One of our core components in the fight against human trafficking is education. We devote significant resources to teaching kids to stay safe and work with parents to find practical ways to protect their children. We help communities see the importance of banding together against human trafficking. All of that education would be worthless if the men and women sworn to protect us weren’t equipped to carry on the fight.
On January 30, 2017, ERASE held its first Law Enforcement Human Trafficking Training at the Aventura Police Department in South Florida. Over the following year, we put on additional classes in North Carolina, New Jersey, California, and New York. In that short span of time, over 175 local, state, tribal, and federal agencies have sent personnel to learn how to effectively combat human trafficking in their communities.
In the past year, we’ve seen incredible results. Hundreds of law enforcement officers have learned to see this epidemic through new eyes and are already making tangible strides in recovering victims and bringing criminals to justice. Because our passion goal is to see them experience even more success, we’ve gathered as much feedback as possible from our participants at the end of each class.
Thanks to that feedback, we’ve made some exciting changes to our Advanced Human Trafficking Investigations Law Enforcement Course.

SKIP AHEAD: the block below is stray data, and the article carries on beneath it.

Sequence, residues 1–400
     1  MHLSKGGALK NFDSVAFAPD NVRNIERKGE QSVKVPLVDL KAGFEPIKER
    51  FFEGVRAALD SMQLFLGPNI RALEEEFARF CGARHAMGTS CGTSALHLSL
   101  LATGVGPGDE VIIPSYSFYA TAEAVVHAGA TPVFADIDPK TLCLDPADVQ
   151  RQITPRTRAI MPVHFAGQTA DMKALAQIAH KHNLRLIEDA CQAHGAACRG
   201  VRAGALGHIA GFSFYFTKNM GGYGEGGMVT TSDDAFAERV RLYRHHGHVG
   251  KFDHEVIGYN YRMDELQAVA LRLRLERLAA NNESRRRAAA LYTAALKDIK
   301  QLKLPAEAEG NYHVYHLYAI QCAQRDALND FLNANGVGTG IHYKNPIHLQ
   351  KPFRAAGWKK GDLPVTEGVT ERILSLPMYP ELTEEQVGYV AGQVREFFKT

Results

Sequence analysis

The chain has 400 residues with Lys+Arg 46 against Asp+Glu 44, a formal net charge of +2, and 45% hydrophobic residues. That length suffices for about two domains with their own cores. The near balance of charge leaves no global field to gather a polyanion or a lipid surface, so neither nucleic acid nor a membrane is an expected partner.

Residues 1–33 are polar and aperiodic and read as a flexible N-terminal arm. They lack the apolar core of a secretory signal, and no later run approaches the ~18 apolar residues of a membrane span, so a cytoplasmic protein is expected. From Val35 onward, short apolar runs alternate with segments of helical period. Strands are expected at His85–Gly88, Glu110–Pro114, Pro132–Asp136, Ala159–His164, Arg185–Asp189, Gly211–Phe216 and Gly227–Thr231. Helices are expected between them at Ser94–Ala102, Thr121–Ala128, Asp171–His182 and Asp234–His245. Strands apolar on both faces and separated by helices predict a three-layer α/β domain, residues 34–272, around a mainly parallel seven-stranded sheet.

The course uses the Trauma-Informed Approach to provide officers and agents with core principles and best practices on how to identify and investigate human trafficking cases.
After taking this course, officers will be able to…
- understand human trafficking, as laid out in the U.S. Trafficking Victims Protection Act of 2000 (TVPA) along with applicable state laws.
- deploy a victim-centered approach to identifying and interviewing trafficking victims.
- utilize a wide array of resources—digital, organizational, and otherwise—to investigate human trafficking and related crimes.
- create a systematic approach to human trafficking investigations.
- connect victims of human trafficking with government benefits and services available through local non-profits.
- organize proactive human trafficking investigations.
- effectively educate and engage their communities, and to create a community task force against human trafficking.
We have two veteran law enforcement officers with extensive experience in human trafficking investigations instructing the course.
Major Rick Hoffman, Raleigh Police Department (ret.)
A 24-year veteran of law enforcement, Rick Hoffman has worked in every division of the Raleigh Police Department, as well as with the district attorney’s office as an investigator. He has over 17 years of experience training officers as a certified police instructor.
Hoffman’s ongoing passion is to develop collaborative anti-human trafficking operations over a range of state, local, and federal agencies. As the Human Trafficking Coordinator in Raleigh, he was responsible for developing a consistent and proactive response to trafficking cases. Even in retirement, Hoffman serves as a consultant with multiple law enforcement agencies and victim service providers.
A native Spanish speaker, Hoffman possesses a unique opportunity to reach out to and connect with Spanish speaking victims of human trafficking. He’s heavily involved with creating public awareness in Raleigh and is a member of the city’s Rapid Response team.